President Trump has been standing up to China for months, sending the clear message that the United States will no longer tolerate that nation’s unfair trade practices.
Now the president has put tariffs in place in response to decades of objectionable conduct by China, including the forced transfer and outright theft of American technology and intellectual property.
President Trump is taking action on trade policy to open markets so that American farmers can compete globally. The proper response from China would be to correct its behavior to address concerns raised by the United States and other trading partners. But China instead chose to retaliate, in many cases targeting U.S. agricultural products.
President Trump has instructed me, as secretary of agriculture, to prepare a strategy to protect our agricultural interests from these unfair retaliatory tariffs. After careful analysis and thorough discussion by our team at the U.S. Department of Agriculture (USDA), we are now prepared to announce the tools we plan to use.
Trade damage from unfair retaliation has impacted American farmers who grow a host of U.S. commodities, including field crops like soybeans and sorghum, livestock products like milk and pork, and many fruits, nuts, and other specialty crops.
High tariffs disrupt normal market patterns, affecting prices and export volumes, and raise costs by forcing commodities to find new markets.
Additionally, there is evidence that American goods shipped overseas are being slowed from reaching market by unusually strict or cumbersome entry procedures, which can affect the quality and marketability of perishable crops. This can boost marketing costs and discount our prices, adversely affecting farmers.
We always suspected that American agriculture would likely be the first sector hit, because our producers are extremely productive and are excellent competitors in the world marketplace. Indeed, of the total tariffs imposed on the U.S., a disproportionate amount was targeted directly at our farmers.
In keeping with President Trump’s promise, his administration will not stand by while our hardworking men and women of agriculture are treated unfairly by countries acting in bad faith, acting as strategic economic competitors intent on breaking the rules.
Accordingly, after careful consideration of the effect of China’s actions, USDA will employ tools at our disposal to provide up to $10 billion to $12 billion in programs, which is in line with the $11 billion impact on U.S. agriculture we have calculated.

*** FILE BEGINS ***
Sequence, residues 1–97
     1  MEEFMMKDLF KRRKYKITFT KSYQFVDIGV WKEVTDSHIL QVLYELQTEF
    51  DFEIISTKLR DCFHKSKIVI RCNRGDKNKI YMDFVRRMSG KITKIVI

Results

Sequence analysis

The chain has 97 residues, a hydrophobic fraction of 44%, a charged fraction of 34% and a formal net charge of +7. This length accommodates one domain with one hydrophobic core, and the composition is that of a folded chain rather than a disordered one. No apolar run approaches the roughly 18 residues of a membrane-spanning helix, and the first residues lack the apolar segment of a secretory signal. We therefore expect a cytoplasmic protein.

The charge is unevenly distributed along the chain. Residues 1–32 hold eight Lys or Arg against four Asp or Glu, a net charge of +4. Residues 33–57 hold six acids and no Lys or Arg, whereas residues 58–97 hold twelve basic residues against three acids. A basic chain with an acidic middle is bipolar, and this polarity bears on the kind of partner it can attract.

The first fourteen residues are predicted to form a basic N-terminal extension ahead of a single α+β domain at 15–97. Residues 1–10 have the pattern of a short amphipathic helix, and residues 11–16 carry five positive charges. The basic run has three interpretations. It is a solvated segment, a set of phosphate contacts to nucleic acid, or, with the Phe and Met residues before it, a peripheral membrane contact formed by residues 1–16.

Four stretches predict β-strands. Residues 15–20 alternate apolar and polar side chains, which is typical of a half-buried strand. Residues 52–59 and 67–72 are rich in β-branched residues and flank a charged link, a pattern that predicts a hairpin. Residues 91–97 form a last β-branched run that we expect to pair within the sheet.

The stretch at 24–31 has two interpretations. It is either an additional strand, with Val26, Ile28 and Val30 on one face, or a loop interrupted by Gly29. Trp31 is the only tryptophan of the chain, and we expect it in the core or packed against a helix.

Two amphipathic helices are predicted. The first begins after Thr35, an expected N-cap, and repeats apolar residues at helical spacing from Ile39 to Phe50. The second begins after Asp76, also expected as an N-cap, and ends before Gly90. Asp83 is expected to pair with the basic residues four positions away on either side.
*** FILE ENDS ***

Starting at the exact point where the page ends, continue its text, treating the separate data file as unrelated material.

The following programs, in addition to our existing programs of farm support, will assist agricultural producers in mitigating the damage from markets disrupted by the trade dispute with China:
- The Market Facilitation Program, authorized under the Commodity Credit Corporation (CCC) Charter Act and administered by USDA’s Farm Service Agency, will provide incremental payments to soybean, sorghum, corn, wheat, cotton, dairy and hog producers impacted by the retaliatory tariffs. These payments, which will be available starting this fall, will help farmers manage disrupted markets, deal with surplus commodities, and expand and develop new markets at home and abroad.
- USDA will use the CCC Charter Act and other authorities to implement a Food Purchase and Distribution Program through the Agricultural Marketing Service to purchase unexpected surpluses of affected commodities such as fruits, nuts, rice, legumes, beef, pork, and milk for distribution to food banks and other nutrition programs. This program will be funded by existing funds in the Section 32 program and new spending under the CCC Charter Act.
- The CCC will use its Charter Act authority for a Trade Promotion Program, administered by USDA’s Foreign Agriculture Service, in conjunction with the private sector to assist in developing new export markets for our farm products.
Up to this point, we have resisted disclosing the strategy under consideration under the belief that it was not good practice to unveil the playbook while the other team was watching. We are now confident that this approach is best for American agriculture while the trade dispute with China continues.
In the coming weeks, we will provide greater detail of how these programs will be utilized and how individual producers will benefit. And as I have often stated, we aim to provide all necessary information to affected producers by Labor Day.
President Trump knows that America’s farmers, ranchers, foresters and producers work to feed, fuel and clothe this nation and the rest of the world. Farmers are patriots and they have supported the president in his defense of the overall American economy. But it is a fact that they cannot pay their bills with patriotism.
It is worth stating again that all of this could be rectified tomorrow if China would simply mend its ways. But until China decides to play by the rules that govern free and fair trade, the Trump administration will not allow agriculture to bear the brunt of China’s retaliation.